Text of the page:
We follow a system when working with children. We speak to them in a language they understand, we avoid scary terminology, and we work at their own pace, never pushing them beyond their limits. In some cases, children are more cooperative when their parents are not in the room. If you do decide to stay, being a "silent observer" can be the most effective way to help your child. Of course, we will bring you into the room to discuss any conditions, concerns, or suggestions we may have. A partnership with parents is the best way we can assure your child's oral health and wellness.
Dr. Schafer will discuss with you ahead of time to determine what is best for your child. Sometimes it's best for them to come back alone while others it's best if grandma or grandpa brings them to their appointments!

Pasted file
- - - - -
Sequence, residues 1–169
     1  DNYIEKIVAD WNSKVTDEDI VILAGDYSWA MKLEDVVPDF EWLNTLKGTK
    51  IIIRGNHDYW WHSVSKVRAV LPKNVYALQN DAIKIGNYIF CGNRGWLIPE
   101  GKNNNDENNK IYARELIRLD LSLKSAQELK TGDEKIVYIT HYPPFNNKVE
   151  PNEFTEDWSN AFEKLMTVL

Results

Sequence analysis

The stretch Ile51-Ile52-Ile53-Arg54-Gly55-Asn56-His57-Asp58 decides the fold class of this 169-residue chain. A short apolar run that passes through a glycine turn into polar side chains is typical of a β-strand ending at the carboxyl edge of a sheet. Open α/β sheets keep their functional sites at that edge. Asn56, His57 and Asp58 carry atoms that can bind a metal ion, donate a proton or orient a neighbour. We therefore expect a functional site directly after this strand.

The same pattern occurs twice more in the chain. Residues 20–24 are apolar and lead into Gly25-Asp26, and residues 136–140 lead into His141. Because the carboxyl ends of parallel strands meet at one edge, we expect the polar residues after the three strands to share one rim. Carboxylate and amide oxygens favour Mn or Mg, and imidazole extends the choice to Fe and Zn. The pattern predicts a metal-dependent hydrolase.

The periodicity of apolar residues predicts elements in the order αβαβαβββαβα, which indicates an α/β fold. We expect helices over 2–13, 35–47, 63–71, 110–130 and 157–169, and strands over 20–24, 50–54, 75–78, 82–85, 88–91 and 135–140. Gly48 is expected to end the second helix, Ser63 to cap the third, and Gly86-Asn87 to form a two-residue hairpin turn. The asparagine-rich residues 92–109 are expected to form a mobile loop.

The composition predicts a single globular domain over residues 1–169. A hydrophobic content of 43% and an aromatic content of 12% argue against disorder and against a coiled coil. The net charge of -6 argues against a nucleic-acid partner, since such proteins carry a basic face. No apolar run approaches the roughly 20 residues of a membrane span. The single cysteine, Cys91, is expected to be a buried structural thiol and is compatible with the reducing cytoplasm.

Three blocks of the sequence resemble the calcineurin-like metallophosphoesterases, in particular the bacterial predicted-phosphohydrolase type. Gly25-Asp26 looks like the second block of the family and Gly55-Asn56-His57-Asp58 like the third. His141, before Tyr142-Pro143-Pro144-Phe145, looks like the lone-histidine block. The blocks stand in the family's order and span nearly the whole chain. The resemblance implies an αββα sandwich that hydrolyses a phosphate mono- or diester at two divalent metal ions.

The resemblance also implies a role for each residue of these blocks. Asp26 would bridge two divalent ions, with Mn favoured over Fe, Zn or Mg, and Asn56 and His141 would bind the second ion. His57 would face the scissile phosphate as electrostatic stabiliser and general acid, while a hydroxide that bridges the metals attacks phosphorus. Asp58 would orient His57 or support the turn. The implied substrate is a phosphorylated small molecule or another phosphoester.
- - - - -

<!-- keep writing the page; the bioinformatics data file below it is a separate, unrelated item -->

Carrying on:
Children grind their teeth often especially their baby teeth. It is a natural part of growing up. In many cases, Dr. Schafer has no concerns with it and the child will grow out of it. While many parents fear that their child may be developing TMJ problems, kids grind their teeth for a different reason than adults do. If Dr. Schafer treated every single child that ground his teeth, he'd be a very busy dentist.
Grinding and Snoring in Children
Dr. Schafer is concerned about children that grind their teeth and snore at night, though. Snoring is not healthy in adults and it isn't healthy in children. When kids snore every night, they are not breathing well. When they aren't breathing well, they aren't sleeping well. As all parents know, a child that hasn't slept well is not likely to have a good day. If your child snores, Dr. Schafer recommends that you take a video of him snoring at night with a cell phone camera and show the video to your child's pediatrician or an Ear Nose Throat specialist on your insurance to evaluate the tonsils.